Info: More information about localizing web part contents can be found here: https://docs.microsoft.com/en-us/sharepoint/dev/spfx/web-parts/guidance/localize-web-parts#localize-web-part-contents
Localization requires two things:
- A definition file for which localization keys that are available in the project. This is the “.d.ts” file.
- The actual resource file(s). The default one is en-us.js, but you can add more depending on which languages you want to support.
Both of these files require that the contents of them are written in a specific way. Luckily, you will not have to remember this, as every project by default adds them.
What could go wrong?
For instance, when you accidentally add the following to your localization file:
During a build, this will not be discovered:
This example is done in the nl-nl.js file, so in order for testing out the Dutch localization, you need to be sure to set the right debugging language (more information on how you can do that can be read in the provided documentation link at the top of this article). In my case I do my test by running
gulp serve -nobrowser --locale=nl-nl, once you load the web part, you will see a similar error like this one:
When a developer is going to add the localization keys and labels to a project. The chances are that he/she will immediately spot these kinds of issues early in the process. In larger projects, it could be that there are other persons involved or even automated systems which automatically add these localization files to the project. Which makes them harder to spot. Only by some extensive language testing, you will catch these issues before you deploy the solutions into production.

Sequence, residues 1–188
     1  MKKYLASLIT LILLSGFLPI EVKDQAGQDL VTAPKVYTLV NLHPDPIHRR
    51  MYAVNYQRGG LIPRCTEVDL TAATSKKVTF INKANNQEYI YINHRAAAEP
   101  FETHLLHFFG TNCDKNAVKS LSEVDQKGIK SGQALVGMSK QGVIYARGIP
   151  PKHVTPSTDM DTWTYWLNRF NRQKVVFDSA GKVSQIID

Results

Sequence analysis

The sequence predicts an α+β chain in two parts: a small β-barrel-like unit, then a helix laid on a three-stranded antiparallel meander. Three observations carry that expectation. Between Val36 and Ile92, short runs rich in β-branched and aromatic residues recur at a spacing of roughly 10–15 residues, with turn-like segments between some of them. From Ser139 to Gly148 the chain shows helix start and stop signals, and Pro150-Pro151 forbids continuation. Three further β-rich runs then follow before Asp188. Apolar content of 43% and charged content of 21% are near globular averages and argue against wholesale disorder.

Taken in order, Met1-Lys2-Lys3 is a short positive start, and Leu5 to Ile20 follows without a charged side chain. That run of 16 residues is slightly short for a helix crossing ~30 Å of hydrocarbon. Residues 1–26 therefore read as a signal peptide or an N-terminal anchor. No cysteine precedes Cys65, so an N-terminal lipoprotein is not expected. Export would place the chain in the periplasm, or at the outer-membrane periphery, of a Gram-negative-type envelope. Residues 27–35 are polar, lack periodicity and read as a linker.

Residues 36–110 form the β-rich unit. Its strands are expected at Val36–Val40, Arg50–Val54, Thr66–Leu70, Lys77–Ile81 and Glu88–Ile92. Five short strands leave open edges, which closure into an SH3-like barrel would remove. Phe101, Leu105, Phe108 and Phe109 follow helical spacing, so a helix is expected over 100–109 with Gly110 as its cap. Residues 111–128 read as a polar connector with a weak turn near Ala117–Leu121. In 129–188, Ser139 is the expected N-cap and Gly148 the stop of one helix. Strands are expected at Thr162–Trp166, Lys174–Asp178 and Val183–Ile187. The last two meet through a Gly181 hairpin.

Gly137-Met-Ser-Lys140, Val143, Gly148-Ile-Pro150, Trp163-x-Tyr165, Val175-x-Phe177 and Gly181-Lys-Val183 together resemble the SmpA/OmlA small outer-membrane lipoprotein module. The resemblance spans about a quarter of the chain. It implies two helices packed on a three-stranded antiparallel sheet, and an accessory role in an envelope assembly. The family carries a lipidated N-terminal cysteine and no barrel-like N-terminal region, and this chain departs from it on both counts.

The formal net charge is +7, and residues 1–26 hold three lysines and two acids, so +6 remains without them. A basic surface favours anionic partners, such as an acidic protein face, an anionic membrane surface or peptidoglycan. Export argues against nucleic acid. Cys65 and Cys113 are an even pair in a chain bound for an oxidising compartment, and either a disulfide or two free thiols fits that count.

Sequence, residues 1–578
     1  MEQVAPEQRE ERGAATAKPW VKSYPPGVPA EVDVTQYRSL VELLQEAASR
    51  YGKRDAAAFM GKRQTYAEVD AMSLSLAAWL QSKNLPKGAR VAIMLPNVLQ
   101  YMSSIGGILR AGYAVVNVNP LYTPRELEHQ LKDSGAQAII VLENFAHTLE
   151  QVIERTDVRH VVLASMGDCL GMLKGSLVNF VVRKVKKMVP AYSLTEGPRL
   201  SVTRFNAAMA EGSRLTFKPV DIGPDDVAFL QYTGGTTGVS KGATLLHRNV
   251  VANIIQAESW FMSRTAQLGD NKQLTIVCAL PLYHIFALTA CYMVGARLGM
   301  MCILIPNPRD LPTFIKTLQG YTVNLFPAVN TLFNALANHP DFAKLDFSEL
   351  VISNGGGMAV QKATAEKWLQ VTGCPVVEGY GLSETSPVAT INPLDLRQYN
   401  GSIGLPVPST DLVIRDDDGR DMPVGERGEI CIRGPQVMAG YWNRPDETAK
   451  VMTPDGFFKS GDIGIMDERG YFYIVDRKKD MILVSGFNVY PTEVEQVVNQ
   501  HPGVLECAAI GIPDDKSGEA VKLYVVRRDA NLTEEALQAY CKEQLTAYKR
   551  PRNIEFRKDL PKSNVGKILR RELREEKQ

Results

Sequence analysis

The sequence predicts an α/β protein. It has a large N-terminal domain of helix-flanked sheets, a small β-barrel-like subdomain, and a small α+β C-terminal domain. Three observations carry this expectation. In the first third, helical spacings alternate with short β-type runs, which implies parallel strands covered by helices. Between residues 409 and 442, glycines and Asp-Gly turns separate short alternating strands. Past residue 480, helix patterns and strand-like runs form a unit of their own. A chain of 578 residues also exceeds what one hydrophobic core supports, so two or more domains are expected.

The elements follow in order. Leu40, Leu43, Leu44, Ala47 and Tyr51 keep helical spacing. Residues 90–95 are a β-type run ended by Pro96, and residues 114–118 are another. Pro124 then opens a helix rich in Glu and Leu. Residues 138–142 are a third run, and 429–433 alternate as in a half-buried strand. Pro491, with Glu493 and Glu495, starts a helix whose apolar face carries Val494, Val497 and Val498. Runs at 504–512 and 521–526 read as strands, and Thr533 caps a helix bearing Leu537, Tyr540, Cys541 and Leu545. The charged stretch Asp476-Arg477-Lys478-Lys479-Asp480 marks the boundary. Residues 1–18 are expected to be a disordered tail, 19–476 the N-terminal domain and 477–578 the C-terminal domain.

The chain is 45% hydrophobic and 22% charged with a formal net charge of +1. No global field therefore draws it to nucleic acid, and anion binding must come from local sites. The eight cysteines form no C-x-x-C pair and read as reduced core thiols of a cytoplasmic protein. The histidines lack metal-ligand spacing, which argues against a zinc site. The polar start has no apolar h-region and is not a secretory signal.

Is there a better way?
Testing is always required of course but spotting these localization problems before they go to any environment is much better. A better way to prevent this from happening is to integrate a process that captures these localization file issues.
There are two options for such a process:
- Extend the build system with an extra task to verify the localization files;
Adding an extra localization validation task
In order to add a localization validation task to your project, you will have to first install esprima by running:
npm i esprima -D -E (esprima is already present in the SPFx projects, but just in case, this will make sure that you always have this dependency installed).
Esprima is an ECMAScript parser which can be used for static code analysis and can catch these kinds of issues very quickly.
Once installed, you can integrate the following validation task in the gulpfile.js file in your project:
The task has also been added to the build rig system of SharePoint Framework. This means, that when you run gulp bundle, the validation task will also be executed.
This task will help you prevent that broken localization files get into a production bundle.
The TypeScript way
In order to change the JS localization file to TS, you will have to update its contents. Here is an example of such a TS localization file:
Once you updated all the localization files, and start to bundle your solution, you will see the following output:
I would recommend adding one of the two provided processes to your solutions, that way you are sure that you will not end up in situations where localization files are causing issues and preventing your solutions to load.